Henri Hippolyte Potier
Premier Solo:

Arranged by Benny Sluchin

Trombone and piano

Sion, , Switzerland
Publisher: Editions Bim
Date of Publication: 2021

Score and solo part.

Primary Genre: Solo Tenor Trombone - with piano

Henri Hippolyte Potier (1816-1878) was primarily known as a vocal accompanist and vocal coach in the opera houses of Paris, and later as a professor of voice at the Conservatoire de Paris. His compositions and arrangements were an aside to his primary occupation and have not survived into the present time. An exception is the Premier Solo which was written for a valve trombone with six piston valves. There is a picture of such an instrument included in this edition. The internationally celebrated trombonist Benny Sluchin, who prepared the Urtext Edition of this work, wrote an informative article that is included in the Bim edition:

The Premier Solo for the new Sax Trombone with six valves and independent tubes is dedicated to “my friend Dieppo” who was the trombone professor at the Conservatoire between 1836 and 1871, and also of the class of valve trombone for the military students. The Premier Solo was imposed at the 1865 competition for the valve trombone. It was customary to order pieces for the competition from composers with a teaching activity in the Conservatory. The trombone with six valves and independent tubes takes its principles from the slide trombone. Each one of these six valves corresponds to a position of the slide trombone: the first valve corresponds to the 2nd position, the 2nd valve to the 3rd position, etc. Thus, the sound corresponds to a given length obtained with a valve. The Premier Solo recalls a vocal Arietta. After an introduction (Allegro Maestoso) in F major, a short recitative leads to an Allegro Moderato. A second, more lyrical theme, concludes this part of the solo. The piano repeating the introductory measures ends this part. The Andante in D minor, which follows, in 6/8 and lyrical character, gives the trombonist the opportunity to show his virtuoso abilities on two occasions. The initial Allegro is at the base for the end of the piece, where the trombone is offered a highly developed optional line that culminates in an ultimate cadence. The Premier Solo (it can’t be deduced that there existed others) is a typical example of a contest piece: it showcases an inventory of the instrumental technique of that period.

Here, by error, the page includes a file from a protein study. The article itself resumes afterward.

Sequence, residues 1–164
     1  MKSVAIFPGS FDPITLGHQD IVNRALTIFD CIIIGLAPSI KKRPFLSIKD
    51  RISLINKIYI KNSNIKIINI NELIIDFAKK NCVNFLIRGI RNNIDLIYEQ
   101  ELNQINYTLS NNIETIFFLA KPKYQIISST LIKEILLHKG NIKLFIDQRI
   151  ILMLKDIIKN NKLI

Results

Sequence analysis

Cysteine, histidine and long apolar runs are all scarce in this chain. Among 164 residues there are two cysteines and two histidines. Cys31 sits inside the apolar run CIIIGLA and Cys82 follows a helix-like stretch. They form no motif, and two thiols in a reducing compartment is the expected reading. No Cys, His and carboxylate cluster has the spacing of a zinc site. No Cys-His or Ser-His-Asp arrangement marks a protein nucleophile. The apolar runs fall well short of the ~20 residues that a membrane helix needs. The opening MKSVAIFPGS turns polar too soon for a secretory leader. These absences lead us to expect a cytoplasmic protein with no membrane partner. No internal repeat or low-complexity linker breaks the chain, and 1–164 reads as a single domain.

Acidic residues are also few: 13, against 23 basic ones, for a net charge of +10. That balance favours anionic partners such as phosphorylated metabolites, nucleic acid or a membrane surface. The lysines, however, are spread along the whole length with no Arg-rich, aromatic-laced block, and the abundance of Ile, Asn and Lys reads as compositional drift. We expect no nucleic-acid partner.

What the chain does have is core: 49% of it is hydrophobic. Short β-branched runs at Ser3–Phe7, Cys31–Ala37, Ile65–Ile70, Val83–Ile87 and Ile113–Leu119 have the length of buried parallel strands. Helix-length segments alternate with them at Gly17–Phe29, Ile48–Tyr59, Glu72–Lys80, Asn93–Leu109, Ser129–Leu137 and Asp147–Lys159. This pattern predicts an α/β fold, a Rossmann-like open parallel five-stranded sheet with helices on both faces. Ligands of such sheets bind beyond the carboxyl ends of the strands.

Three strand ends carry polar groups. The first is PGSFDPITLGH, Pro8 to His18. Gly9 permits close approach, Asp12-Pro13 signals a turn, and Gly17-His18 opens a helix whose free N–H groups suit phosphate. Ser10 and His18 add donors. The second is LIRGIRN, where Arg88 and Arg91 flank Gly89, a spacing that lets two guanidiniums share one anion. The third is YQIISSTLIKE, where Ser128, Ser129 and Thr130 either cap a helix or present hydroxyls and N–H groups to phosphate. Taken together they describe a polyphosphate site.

Having been composed by a musician who worked closely with vocalists in the field of opera, this music could well have been a scene for solo voice in a typical 19th century opera performed in Paris. The soloist is the star. The accompaniment, aside from some brief introductions, says little on its own. The music reflects the popular operatic style in vogue in Paris at that time, especially as found in the bell canto operas of Rossini, Bellini, and Donizetti. Featured were cadenzas, cantabile opportunities, as well as technical displays. This solo certainly features all of those. Playable by a good trombonist, euphonium will also be a good fit. This is another recently discovered addition to the repertoire from the romantic age. The layout, paper quality, and printing are first class in every detail.

Reviewer: Karl Hinterbichler
Review Published June 24, 2023